When to treat my lawn for grubs?
Always time your treatment according to the label. Generally, curative chemicals are applied in fall, while preventive products can be applied from spring to summer. There are solutions that you can use from spring to fall.
What to grubs do to your lawn?
Grubs ruin the turf and other plants by munching on their roots. This brings about dead patches, wilted vegetation, and loose soil. They can also attract raccoons, skunks, and moles, who sometimes dig the ground to feed on the grubs.
No Lawn Villains Anymore!
Since grub worms are essentially baby beetles, the answer to “What is the best treatment for grubs?” is prevention. An all-round approach where you not just kill the pests but keep their population in check with long-lasting solutions is the only way to say goodbye to never see the grubs return and feast on your plants.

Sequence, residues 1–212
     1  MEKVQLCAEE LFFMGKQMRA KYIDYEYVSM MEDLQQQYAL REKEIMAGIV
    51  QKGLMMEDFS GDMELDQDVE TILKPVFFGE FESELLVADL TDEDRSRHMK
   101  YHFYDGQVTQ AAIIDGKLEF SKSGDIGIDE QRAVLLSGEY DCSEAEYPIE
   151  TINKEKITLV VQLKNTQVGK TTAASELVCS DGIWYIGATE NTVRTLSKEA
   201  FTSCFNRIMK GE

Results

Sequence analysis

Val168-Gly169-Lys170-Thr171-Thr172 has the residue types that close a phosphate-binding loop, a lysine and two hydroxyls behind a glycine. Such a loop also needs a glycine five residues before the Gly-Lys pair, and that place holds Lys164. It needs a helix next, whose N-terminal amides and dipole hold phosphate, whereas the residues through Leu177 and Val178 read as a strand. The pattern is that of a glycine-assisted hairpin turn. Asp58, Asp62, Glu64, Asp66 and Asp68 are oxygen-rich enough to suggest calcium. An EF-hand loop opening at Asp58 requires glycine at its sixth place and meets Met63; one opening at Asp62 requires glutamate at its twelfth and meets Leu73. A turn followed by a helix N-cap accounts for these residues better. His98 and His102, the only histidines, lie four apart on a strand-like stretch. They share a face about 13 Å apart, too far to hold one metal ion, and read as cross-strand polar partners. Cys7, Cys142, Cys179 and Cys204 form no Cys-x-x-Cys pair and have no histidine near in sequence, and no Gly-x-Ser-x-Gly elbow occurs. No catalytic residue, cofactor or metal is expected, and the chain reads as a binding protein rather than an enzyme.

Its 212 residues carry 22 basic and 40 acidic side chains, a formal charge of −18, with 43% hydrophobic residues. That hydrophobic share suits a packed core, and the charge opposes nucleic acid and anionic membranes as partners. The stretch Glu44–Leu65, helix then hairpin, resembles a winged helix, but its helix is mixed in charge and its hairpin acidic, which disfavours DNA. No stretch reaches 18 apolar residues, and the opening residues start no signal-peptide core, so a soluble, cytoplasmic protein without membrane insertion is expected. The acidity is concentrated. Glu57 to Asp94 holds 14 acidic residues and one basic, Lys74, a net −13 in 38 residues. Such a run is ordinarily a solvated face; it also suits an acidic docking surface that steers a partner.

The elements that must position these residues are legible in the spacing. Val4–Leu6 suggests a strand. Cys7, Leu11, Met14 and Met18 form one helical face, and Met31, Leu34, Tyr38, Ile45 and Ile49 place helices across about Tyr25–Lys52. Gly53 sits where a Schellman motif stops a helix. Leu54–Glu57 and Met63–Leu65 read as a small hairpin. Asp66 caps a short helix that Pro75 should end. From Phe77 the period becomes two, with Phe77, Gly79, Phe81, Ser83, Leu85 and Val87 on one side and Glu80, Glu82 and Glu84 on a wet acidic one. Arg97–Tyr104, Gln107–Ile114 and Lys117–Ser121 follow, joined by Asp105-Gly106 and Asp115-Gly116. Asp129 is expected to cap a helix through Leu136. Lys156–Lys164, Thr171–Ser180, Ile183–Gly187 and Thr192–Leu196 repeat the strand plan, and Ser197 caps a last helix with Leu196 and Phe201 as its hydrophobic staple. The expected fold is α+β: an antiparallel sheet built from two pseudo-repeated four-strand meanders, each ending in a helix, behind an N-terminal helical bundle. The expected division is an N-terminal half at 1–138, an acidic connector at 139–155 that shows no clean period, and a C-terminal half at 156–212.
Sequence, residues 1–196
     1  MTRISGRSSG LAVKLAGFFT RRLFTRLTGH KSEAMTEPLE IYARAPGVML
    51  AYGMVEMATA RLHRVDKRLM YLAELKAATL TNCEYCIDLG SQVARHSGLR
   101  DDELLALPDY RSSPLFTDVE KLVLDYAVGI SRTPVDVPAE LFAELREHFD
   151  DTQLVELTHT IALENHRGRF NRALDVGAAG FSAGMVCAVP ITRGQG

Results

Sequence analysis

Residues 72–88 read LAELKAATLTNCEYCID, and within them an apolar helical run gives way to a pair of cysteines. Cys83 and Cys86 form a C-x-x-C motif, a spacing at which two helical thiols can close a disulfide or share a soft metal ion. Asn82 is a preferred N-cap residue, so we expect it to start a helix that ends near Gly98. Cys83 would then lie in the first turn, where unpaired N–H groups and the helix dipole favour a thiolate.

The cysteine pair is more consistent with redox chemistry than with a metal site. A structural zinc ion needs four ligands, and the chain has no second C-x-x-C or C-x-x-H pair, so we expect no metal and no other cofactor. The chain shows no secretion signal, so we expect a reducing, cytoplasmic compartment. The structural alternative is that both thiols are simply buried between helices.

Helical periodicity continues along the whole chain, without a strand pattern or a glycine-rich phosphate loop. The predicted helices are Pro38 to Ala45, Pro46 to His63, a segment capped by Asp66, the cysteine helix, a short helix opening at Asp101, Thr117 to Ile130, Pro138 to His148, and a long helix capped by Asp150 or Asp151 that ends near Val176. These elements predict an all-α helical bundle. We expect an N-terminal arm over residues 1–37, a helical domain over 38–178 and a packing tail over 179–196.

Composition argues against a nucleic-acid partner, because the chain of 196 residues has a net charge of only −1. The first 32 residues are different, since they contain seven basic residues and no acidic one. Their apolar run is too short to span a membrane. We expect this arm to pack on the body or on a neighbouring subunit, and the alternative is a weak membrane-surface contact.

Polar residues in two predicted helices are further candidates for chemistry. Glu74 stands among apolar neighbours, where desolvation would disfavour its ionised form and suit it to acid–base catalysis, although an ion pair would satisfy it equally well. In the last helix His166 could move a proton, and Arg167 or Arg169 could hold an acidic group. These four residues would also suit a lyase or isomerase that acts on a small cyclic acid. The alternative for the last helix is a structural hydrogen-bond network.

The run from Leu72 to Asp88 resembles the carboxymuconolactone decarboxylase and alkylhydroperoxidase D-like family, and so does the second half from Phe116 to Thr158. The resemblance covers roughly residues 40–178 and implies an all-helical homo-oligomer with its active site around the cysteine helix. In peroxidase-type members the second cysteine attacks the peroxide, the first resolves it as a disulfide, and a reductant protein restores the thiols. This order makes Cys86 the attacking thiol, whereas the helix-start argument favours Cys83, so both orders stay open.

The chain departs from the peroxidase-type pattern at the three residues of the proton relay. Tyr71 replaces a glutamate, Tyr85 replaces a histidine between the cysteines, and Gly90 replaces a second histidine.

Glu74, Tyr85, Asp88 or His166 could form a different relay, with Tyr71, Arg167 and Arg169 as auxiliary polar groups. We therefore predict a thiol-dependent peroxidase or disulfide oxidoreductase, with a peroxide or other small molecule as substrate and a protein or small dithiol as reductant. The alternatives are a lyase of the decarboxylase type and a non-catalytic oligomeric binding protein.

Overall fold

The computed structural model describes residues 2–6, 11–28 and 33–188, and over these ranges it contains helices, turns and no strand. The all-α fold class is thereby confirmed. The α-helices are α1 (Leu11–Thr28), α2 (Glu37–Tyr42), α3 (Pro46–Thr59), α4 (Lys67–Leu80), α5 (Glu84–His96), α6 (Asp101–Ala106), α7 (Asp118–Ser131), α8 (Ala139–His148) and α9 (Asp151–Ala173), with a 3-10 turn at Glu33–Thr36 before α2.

Apart from chemicals and organic insecticides, biological controls can prevent re-infestation without harming your garden and bees (if any). Timing is critical, so be sure to follow the manufacturer’s directions.
Have you tried any grub treatments that failed? Share in the Comments section!
- How do I treat for grubs in my lawn? (University of New Hampshire Durham):
- White Grubs (AggieTurf):
- How to choose and when to apply grub control products for your lawn(Michigan State University):
- Japanese Beetle Insecticide FAQs (Oregon Department of Veterans Affairs):